A WORD ON MRS. OBLIVIOUS FOLLOW

I have seen some discussion about the expectations of leads and follows in the role of asking for and accepting a dance. So here’s the deal: as a follow, I feel that I ask more people to dance than vice versa. I know there are follows to whom this does not apply, but it was practically the only way I could learn, especially as a beginning / intermediate dancer. But more importantly, I know that Mrs. Oblivious Follow is usually the most aggressive about asking leads to dance — probably because they are not often sought out, in reality.

So while I am also not obligated to dance with a lead when he finally asks me, neither is a lead obligated to dance with me! If Mrs. Oblivious Follow comes out of the woodwork, it is equally frowned upon for a lead to turn HER down, even if she jerks him around on the end of the swing out, twists his arms in awkward ways, or elbows him repeatedly in the face (again, Sorry Nick!). While it is generally easier for a lead to control how a follow affects him by choosing to lead certain moves over others, it is impossible to remain completely impervious to Mrs. Oblivious Follow’s lack of awareness.

CONCLUSION

In conclusion, it shouldn’t be expected of ANYONE to dance just because society decrees you must have a good excuse to say no. While I do think one should be polite and offer a “No, thank you,” or “Not this song,” with a smile, an explanation should not be necessary. We should be having fun when we dance. But we should also be polite to the community we dance with — that is, in fact, the only thing I think should be required.

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5 thoughts on “thoughts on the word “no”

  1. Re: your second lead.

    I do not understand why people are so afraid of telling someone that they’re being inappropriate. We’ve gotten so politically correct and overly polite (avoidance) that we don’t call people out on this stuff. We don’t tell people they’re sweaty or stinky or creepy – and we NEED to. Not everyone is going to figure that one out on their own.

    I think as a society we have forgotten how to teach manners – and manners aren’t always something you can just pick up. So please, people: TELL your leads (or follows) that they’re being creepy. Tell them to move their hands up. Tell them that you don’t like that move. Open your mouths.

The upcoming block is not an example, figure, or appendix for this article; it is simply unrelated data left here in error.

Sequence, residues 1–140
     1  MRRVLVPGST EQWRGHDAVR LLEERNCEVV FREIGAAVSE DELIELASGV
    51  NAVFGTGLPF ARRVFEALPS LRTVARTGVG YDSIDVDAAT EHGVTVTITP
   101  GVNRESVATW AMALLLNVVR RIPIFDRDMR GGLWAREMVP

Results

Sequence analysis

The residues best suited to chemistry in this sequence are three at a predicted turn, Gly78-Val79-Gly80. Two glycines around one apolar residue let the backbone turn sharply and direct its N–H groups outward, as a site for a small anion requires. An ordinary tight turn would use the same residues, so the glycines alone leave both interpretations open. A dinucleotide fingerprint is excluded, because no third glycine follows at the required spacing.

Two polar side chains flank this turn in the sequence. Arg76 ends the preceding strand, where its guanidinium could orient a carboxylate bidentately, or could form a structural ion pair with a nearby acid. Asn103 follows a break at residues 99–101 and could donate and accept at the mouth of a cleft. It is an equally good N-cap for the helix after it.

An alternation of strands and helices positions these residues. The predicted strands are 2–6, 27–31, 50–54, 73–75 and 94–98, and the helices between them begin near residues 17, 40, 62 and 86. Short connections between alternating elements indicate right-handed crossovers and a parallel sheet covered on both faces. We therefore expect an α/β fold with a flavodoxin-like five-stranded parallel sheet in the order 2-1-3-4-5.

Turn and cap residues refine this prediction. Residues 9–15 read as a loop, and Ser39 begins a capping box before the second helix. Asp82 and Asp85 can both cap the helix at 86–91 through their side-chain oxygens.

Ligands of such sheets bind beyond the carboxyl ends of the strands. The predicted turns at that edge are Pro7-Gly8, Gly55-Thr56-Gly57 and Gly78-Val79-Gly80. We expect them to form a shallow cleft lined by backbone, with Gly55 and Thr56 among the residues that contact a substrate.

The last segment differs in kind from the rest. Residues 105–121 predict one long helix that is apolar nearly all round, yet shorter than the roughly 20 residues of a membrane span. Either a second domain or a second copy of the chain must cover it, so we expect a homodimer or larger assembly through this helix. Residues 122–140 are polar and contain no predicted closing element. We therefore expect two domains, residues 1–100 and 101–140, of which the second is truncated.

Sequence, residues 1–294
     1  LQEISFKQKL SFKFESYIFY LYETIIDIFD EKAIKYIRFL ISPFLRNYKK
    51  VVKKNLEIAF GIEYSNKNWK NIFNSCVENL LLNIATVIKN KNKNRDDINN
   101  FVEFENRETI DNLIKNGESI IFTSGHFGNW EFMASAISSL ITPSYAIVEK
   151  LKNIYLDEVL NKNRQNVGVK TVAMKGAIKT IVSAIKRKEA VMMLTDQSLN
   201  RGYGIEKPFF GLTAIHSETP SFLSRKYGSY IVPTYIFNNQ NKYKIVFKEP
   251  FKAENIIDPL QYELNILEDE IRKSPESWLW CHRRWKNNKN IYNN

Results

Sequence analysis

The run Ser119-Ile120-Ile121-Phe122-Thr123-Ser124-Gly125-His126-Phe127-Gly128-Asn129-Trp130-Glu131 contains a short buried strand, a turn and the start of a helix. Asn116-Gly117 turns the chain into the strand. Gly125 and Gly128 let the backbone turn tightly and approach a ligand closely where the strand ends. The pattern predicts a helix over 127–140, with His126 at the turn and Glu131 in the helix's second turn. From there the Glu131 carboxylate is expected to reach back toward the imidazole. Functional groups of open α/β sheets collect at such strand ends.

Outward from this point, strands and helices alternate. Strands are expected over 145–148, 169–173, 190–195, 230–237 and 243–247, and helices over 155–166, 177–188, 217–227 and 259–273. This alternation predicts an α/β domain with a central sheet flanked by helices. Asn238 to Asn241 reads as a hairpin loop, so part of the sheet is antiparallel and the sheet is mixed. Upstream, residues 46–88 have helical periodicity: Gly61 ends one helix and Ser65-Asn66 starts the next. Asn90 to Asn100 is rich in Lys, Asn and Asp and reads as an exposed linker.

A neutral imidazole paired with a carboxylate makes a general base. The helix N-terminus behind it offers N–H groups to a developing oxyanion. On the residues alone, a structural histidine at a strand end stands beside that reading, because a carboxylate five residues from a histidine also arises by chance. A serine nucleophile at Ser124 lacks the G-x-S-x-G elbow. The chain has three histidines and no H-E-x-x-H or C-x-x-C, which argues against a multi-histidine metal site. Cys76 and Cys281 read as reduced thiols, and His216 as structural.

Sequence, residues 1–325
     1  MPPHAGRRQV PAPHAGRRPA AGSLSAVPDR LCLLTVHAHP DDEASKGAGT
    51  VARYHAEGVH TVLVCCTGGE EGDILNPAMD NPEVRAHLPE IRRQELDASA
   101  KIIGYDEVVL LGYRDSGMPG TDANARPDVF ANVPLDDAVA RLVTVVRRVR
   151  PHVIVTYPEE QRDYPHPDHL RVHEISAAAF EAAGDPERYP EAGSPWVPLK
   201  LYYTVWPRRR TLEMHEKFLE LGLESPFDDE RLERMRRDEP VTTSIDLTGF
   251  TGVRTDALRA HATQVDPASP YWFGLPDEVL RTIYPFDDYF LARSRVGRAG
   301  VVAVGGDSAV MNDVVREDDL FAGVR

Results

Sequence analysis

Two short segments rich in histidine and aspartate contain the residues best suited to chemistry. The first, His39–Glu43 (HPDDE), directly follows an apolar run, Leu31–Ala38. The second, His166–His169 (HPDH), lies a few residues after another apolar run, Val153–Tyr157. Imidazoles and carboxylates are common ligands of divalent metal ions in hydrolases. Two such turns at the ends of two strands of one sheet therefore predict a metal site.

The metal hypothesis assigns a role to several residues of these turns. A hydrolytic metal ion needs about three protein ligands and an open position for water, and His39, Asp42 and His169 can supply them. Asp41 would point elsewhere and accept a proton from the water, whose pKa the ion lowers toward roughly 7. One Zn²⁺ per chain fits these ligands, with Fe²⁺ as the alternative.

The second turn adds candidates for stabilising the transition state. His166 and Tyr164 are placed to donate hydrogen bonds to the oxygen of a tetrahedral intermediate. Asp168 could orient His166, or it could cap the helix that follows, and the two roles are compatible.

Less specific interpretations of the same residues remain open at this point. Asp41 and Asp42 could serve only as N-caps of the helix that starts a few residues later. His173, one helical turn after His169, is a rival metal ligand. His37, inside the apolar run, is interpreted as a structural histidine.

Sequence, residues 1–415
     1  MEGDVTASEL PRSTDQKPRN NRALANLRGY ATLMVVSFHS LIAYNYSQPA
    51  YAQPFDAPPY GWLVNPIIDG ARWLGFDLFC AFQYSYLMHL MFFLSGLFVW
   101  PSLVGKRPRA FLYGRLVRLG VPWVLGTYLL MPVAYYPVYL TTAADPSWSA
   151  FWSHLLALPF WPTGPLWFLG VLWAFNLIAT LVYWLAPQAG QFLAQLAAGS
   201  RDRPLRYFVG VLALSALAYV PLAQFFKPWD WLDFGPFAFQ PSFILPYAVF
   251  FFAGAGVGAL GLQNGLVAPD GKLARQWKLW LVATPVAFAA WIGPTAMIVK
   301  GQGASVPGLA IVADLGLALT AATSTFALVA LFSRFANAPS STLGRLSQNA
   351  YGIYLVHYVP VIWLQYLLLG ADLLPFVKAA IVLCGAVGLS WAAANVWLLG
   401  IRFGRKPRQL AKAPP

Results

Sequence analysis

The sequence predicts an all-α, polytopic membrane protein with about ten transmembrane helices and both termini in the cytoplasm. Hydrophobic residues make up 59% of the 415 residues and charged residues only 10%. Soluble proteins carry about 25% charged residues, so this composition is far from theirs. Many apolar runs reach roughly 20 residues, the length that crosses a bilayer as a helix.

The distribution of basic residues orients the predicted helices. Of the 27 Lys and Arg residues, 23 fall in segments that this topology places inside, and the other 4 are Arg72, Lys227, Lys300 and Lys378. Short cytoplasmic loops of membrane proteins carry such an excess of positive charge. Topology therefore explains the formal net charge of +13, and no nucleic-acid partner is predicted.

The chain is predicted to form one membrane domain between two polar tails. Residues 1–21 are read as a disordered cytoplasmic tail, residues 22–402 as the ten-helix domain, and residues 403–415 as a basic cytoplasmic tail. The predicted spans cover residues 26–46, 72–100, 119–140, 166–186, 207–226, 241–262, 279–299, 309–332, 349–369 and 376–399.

They might avoid you for a week or two – but they’ll usually be glad you did. Please stop being afraid to tell someone that you’ll only dance with them after they change to a clean shirt (with a smile, though!), or stopping in the middle of the dance and having a quick “good touch/bad touch” talk with your lead. Of all the leads I have ever known who have been labeled “creepy,” MAYBE 10% were – the rest were just oblivious.

    This public service announcement brought to you by someone who frequently gets to yell out, “Inappropriate!” in her work setting.

  2. I mostly agree with Tonia. The one caveat is that you should always tell people who are violating your boundaries, politely but firmly, exactly what they are doing wrong, before making a bigger deal about it.

    I remember one follow who came into our scene from a ballroom background with the idea that she could somehow jump right in to lindy hop and be at home. She was very stiff and awkward to dance with, but I was trying to be friendly. After trying a couple of other things I realized that about all that I could lead her in successfully, that fit the music, was facing 20’s Charleston. At that point she stopped dancing, and told me I was dancing entirely too close to her. She was at arm’s length – my right arm was extended as far as it could go and still have my hand on her back.

    I thought she was being ridiculous, perhaps even insane, but I didn’t argue with her. I was happy to stop dancing with her and to never dance with her again. But hey, at least she gave me clear feedback. I figure that no matter who you are, once in a while you’re going to run across a dance partner who for some reason thinks you’re creepy. When you do run across such a dance partner, it’s silly to fight it. Just agree to not dance together any more and move on.